prophets caricatured in a cartoon, don`t do stupid things in the name of
your prophet.

HANDELSMAN: In the U.S., security was tighter at French government
offices, as the Eiffel Tower lights went off and back on to honor the dead
and defy the extremists.

(END VIDEO CLIP)

SCHULTZ: The Justice Department announced today that Attorney-General Eric
Holder will travel to Paris on Sunday. Holder will attend an international
meeting where he will discuss terrorist treats, foreign fighters and
countering violent extremism. This is a rapidly developing story in
France. The search is still on for those perpetrators. We will bring you
any of the details and updates as we get them.

For more, let me bring in NBC News Correspondent, Ron Allen in Paris
tonight, Ron good to have you with us. What`s the latest from French
authorities? They have apprehended nine people in this investigation.
What do you make of that?

RON ALLEN, NBC NEWS - PARIS, FRANCE: Well, they`re rounding up a lot of
people. The parents of the two suspects have been questioned, that
happened yesterday. So they`re on a trail and as you pointed out in the
lead, there`s a lot of territory to cover and a lot of potential places
where these two alleged perpetrators could be.

Since night fall, the last number of hours or so, we`ve had much less
information coming from the north of Paris where this extensive manhunting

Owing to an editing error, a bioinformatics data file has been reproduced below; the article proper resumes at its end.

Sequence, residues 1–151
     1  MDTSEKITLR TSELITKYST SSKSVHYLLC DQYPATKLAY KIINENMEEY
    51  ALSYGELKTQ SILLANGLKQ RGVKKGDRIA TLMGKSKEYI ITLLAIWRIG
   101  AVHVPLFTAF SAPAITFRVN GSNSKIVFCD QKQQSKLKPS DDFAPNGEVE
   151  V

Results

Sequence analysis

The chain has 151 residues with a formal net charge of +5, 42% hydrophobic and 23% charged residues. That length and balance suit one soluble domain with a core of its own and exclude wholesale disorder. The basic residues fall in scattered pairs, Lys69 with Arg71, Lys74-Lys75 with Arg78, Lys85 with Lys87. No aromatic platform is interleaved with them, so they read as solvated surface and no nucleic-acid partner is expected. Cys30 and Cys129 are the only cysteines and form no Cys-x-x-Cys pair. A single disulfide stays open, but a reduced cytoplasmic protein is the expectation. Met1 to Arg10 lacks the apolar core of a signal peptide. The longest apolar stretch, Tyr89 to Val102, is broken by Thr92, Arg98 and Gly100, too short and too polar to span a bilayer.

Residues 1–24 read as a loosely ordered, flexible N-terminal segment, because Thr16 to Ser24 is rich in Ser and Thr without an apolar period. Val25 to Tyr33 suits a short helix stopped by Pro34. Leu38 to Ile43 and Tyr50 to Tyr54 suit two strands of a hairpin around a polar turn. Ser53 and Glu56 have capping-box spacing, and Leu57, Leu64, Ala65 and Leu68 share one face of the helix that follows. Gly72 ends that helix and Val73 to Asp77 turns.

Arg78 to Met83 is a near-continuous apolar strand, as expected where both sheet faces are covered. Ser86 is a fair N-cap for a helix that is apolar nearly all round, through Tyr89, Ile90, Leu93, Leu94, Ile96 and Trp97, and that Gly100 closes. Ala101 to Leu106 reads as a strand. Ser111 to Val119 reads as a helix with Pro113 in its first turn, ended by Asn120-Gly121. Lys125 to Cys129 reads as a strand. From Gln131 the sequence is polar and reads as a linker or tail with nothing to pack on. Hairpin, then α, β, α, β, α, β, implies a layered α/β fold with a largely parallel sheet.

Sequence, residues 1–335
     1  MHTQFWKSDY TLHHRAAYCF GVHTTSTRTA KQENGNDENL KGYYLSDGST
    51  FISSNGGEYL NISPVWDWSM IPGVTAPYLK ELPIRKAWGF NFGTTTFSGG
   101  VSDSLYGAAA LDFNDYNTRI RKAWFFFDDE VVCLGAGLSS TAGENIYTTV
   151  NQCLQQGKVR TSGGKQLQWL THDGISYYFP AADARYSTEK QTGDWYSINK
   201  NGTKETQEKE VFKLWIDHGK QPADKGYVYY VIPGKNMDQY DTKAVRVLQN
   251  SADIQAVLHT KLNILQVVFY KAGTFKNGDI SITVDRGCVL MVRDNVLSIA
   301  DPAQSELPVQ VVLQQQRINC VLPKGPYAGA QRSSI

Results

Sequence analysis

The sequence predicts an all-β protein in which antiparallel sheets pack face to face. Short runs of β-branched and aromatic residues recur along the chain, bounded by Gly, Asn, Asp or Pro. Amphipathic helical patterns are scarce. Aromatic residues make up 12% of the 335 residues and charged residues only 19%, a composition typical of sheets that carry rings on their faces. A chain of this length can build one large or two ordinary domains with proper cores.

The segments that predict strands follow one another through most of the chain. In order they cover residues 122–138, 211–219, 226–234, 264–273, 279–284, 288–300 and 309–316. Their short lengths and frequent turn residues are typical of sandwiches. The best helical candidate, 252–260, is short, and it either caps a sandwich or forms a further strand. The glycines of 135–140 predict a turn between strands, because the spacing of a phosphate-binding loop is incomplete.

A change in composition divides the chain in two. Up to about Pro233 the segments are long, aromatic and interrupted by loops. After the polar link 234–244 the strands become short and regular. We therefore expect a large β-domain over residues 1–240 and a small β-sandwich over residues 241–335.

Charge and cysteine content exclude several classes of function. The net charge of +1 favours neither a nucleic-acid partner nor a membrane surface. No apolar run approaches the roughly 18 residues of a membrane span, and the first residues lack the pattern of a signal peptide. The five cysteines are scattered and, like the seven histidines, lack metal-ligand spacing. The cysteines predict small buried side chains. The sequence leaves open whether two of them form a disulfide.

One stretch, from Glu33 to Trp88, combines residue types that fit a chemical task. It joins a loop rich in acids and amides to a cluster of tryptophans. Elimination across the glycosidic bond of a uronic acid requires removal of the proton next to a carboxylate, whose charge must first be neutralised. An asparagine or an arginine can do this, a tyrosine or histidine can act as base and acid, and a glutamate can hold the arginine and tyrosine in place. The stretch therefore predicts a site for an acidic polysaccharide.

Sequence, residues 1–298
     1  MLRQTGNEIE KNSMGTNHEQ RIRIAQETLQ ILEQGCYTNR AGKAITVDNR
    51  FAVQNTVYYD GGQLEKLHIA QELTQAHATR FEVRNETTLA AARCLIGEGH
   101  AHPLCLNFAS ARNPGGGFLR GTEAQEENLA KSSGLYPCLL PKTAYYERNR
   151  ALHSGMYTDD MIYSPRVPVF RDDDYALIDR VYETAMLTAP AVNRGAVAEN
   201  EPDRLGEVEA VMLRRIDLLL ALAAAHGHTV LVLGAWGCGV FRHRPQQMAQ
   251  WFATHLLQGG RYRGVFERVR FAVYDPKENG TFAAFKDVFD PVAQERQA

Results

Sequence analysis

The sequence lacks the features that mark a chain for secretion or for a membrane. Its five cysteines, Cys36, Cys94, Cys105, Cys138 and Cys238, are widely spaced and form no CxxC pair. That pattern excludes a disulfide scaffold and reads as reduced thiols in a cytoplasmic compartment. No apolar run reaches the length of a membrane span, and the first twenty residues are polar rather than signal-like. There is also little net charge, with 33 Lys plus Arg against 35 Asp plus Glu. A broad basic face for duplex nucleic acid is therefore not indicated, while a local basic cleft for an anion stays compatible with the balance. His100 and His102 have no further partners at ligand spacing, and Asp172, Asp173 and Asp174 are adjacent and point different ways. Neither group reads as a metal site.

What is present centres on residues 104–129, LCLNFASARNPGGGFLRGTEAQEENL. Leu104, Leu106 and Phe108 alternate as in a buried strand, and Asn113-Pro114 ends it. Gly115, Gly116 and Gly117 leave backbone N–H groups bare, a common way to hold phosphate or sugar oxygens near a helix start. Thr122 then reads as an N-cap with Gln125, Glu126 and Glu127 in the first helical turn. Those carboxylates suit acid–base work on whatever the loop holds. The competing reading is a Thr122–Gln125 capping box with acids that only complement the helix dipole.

has been going on now for sometime. So, we`re not really hearing a lot and
of course that`s for obvious reasons there. Not trying to tip their hands
about what they know and what they don`t know, the authorities are -- is of
course.

But it`s been a day of very fast-moving events and a lot of uncertainty I
think is fair to say, a lot of some anxiety as well and a lot of concern
about where these all is going. This morning this country woke up to a
word that a policewoman have been killed in another attack. So now there
are actually three suspects who are on the run, who police are looking for.

And they`ve also said that those two incidents, the attack of the magazine
and the attack that killed the policewoman this morning apparently are not
related. So, what the motivations of the person was -- aren`t clear at
this hour. So, not a lot that we know that`s very hard about how close
they are and of course things have gotten much more difficult I would think
the authorities after dark.

So they`re going through these neighborhoods very carefully, house by
house, heavily armed, SWAT units and taking all kinds of precautions
because the two young men are believed to be armed and very dangerous.
They`re also very well-known to French authorities and that`s perhaps not a
surprise here because this country, unlike the United States is a much more
-- has much more serious problem with the young men going off to fight the
wars in Syria and Iraq in recent years than we have in the United States.

So, there`s a community of these individuals. There are as many as a
thousand or more here and the authorities have said that they basically
have been trying to keep track of them. They`ve been trying to keep track
of these brothers. One of them at least is far back as 2005. So, and they
can`t do it. It takes several officers to maintain 24/7 surveillance on
each suspects.

And right now, they`re of course trying to do that they said with several